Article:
Expats moving to Atlanta will be spoilt for choice when it comes to accommodation. From urban living downtown to family living in the outer suburbs, there are ample options for suitable housing in Atlanta at a reasonable price.
Types of accommodation in Atlanta
Atlanta offers a variety of accommodation and different types of housing can be found, depending on the area of the city.
Areas close to the city centre are generally more expensive than those outside the city limits, but the available amenities vary. Those living in town will have access to many entertainment options and restaurants, and their commute times will be shorter, while those living further afield will have access to good schools and wide open spaces, but will possibly find themselves having to endure a lengthy commute.
These are popular with young professional Atlantans. Modern self-contained units within a larger building, apartments can be found all over Atlanta. They tend to be one of the most affordable options, and are a particularly popular choice within the downtown area where space is limited.
Condos are a happy medium between houses and apartments. New arrivals will find this option allows them to have a little extra space along with the benefits of communal living. Condos are self-contained units within a bigger complex where residents share a range of amenities including communal swimming pools, gyms, gardens and laundry facilities.
Newcomers looking for a bit more space will find a huge variety of houses, particularly towards the outskirts of town. From classic and colonial style mansions filled with character to minimalist modern designs, there is something to suit everyone's tastes. Most of the newer housing will be found in outlying suburbs.
Factors to consider when house-hunting in Atlanta
Expats moving to Atlanta need to decide on the type of accommodation they are interested in and which area they would like to live in before their search begins. Factors to consider include budget, lifestyle and proximity to amenities.
It's not easy to live in Atlanta without a car, and with heavy traffic congestion, expats looking for accommodation in Atlanta need to consider the proximity of their home to their workplace, public transport, schools, shops and any other important amenities. If looking to live in the city centre, new residents should always find out what parking is available in or near a residence, as parking can be limited in the city.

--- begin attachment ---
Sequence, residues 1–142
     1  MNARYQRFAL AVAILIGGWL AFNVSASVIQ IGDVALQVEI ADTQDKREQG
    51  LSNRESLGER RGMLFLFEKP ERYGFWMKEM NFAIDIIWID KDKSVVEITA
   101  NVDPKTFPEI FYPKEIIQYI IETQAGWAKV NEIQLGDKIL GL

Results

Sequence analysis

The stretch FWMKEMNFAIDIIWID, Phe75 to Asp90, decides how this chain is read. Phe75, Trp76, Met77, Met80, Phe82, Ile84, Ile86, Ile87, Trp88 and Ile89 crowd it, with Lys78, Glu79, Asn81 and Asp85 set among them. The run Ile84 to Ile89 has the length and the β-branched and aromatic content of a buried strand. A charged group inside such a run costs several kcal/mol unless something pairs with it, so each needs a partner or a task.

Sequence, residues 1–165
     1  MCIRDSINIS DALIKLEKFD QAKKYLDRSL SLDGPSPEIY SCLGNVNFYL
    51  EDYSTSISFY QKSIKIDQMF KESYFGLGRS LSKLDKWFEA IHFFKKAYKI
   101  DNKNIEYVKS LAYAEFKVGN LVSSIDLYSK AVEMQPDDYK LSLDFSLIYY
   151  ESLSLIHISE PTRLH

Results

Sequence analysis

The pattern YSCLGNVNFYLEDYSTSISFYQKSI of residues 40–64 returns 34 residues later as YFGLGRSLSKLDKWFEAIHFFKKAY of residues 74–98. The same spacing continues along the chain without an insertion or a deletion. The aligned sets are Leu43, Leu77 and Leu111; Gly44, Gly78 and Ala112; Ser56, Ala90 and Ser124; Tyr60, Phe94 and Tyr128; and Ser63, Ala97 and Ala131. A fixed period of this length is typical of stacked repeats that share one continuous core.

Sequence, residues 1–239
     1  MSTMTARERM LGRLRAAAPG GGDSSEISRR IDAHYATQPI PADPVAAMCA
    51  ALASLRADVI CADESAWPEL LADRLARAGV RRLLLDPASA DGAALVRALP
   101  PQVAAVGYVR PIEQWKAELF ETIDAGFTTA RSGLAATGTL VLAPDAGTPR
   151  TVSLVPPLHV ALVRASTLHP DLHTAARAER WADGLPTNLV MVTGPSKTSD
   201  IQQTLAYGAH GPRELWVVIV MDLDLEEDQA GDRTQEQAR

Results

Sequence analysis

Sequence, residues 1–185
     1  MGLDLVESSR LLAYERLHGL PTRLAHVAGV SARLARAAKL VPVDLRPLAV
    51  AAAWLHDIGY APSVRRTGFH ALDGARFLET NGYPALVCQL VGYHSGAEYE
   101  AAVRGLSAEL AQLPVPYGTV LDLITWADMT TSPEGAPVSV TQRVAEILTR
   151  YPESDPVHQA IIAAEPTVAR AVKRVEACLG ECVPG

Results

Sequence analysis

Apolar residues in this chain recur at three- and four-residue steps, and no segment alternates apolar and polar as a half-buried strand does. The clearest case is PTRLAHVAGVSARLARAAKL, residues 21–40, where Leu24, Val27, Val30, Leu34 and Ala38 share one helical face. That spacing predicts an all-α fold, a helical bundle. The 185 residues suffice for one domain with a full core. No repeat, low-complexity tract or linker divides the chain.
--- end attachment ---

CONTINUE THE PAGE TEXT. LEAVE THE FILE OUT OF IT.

Finding accommodation in Atlanta
The easiest way to find property to rent or buy in Atlanta is online. There are many online property portals that list both short and long-term rentals, while individual housing estates and complexes also have websites where it’s possible to view floor plans, lists of rentals and purchasing options.
Expats can also work through a local real-estate agent to assist in the house-hunting process; agents can often negotiate on their client's behalf and sort out all the necessary paperwork.
Renting accommodation in Atlanta
There are many rental options in Atlanta, with both furnished and unfurnished accommodation being available in the city.
Making an application
Once prospective tenants have found a property to their liking, they’ll need to express their interest either to the agent or the landlord directly. The first step to securing a rental property is normally to tender a lease application. Credit checks and background checks will also be done, and applicants may be asked to supply references from previous landlords. Once these have been verified, the tenant and landlord can go ahead and sign the lease. For those moving to Atlanta from outside of the US, it's best to try and open a US bank account and have a social security number set up before applying for a rental property.
Rental contracts are usually valid for a year, but tenants will have the option to renew at the end of the initial term. At the discretion of the landlord, it may be possible to request a shorter lease. Tenants who want to negotiate any aspect of their lease should do so outside peak holiday season when there isn't as much demand for holiday rentals.
Prospective tenants will be required to put down a security deposit to secure the lease on a property. These rental deposits are fully refundable once the lease terminates, provided that the property is left in an acceptable state. For this reason, it is important to carry out a detailed inventory at both the beginning and end of the rental term, as damages will be deducted from the deposit.
Renters need to pore over the terms of their lease agreements to determine which utilities are included. In most cases, the landlord covers standard utilities such as water and electricity. Optional extras such as internet, cable TV and landline telephone services are usually for the tenant's personal account.